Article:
Southern Johnson County is getting 109 acres of environmentally important forest land, known as Callon Hollow, that will result in more than 1,500 acres in that area that will be protected forever.
The forest has been acquired by the Central Indiana Land Trust and is home to a variety of plants and animals that include species of concern such as worm-eating warblers, hooded warblers and broad-winged hawks, as well as a plentiful population of spotted wintergreen, a plant species on the state watch list.
The land is part of the land trust Hills of Gold, which is one of the most biodiverse areas in the region that features red oak and spring wildflowers as well as habitat for the rare and endangered Eastern box turtle, hooded and worm-eating warbler and cerulean warbler.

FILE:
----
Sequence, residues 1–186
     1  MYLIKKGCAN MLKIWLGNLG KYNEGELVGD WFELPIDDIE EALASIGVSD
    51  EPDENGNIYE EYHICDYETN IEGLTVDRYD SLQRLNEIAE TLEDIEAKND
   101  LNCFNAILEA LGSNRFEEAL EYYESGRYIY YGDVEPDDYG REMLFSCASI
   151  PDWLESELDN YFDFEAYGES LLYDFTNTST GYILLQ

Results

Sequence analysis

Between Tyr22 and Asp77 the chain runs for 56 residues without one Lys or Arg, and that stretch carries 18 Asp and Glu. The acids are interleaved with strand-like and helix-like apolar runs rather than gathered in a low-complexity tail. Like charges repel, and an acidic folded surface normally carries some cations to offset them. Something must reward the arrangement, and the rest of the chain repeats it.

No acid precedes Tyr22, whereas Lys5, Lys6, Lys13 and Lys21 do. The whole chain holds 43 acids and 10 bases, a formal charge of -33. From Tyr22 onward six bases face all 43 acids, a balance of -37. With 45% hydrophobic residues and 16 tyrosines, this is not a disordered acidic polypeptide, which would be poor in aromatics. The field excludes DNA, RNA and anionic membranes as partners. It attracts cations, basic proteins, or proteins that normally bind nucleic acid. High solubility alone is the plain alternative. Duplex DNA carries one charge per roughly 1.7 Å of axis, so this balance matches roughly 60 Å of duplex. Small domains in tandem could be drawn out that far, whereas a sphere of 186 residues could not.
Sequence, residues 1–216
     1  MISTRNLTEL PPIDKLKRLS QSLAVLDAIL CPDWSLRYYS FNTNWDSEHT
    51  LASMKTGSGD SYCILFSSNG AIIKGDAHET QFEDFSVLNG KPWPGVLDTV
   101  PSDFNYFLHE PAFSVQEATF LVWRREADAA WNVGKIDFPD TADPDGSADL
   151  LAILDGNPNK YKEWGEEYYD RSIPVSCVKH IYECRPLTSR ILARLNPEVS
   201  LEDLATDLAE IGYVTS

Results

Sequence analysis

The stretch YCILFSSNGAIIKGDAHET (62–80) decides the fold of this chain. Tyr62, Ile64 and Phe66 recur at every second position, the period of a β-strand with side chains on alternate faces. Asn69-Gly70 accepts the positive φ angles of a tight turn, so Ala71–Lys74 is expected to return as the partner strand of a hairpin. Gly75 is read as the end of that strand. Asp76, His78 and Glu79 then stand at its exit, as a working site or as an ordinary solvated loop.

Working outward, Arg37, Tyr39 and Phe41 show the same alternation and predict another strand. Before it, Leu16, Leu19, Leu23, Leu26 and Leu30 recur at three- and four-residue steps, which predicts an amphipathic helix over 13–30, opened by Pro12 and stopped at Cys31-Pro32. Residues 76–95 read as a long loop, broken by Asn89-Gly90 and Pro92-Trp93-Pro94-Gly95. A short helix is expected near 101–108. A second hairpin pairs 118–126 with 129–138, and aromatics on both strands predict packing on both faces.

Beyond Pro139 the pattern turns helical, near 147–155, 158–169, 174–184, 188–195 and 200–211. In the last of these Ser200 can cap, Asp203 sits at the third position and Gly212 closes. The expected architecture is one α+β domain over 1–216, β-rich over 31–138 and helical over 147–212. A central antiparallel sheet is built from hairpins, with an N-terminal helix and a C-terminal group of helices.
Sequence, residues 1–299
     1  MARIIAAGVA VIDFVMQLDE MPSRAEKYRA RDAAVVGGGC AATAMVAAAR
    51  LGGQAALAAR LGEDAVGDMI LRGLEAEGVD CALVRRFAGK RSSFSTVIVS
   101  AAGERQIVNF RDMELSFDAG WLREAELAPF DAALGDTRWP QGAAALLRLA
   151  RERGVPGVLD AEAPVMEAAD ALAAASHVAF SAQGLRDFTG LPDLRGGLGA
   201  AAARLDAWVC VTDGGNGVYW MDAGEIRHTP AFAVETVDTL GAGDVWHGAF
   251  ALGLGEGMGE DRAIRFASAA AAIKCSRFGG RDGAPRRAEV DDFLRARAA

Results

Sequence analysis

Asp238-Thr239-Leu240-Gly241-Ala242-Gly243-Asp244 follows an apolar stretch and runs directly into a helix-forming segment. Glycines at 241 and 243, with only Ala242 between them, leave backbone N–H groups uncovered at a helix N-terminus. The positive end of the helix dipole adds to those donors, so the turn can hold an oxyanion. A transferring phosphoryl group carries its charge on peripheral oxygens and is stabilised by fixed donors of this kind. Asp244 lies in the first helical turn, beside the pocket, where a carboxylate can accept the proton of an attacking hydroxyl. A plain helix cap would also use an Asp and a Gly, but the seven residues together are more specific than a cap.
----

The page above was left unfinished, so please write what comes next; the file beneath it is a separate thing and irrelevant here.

“By adding to the Hills of Gold area, we are protecting crucial habitat for so many rare and endangered species. Indiana doesn’t have a lot of big blocks of forest remaining so adding this preserve within a larger conservation area does a lot to help plants and animals to thrive,” Cliff Chapman, executive director of CILTI, said in a media release.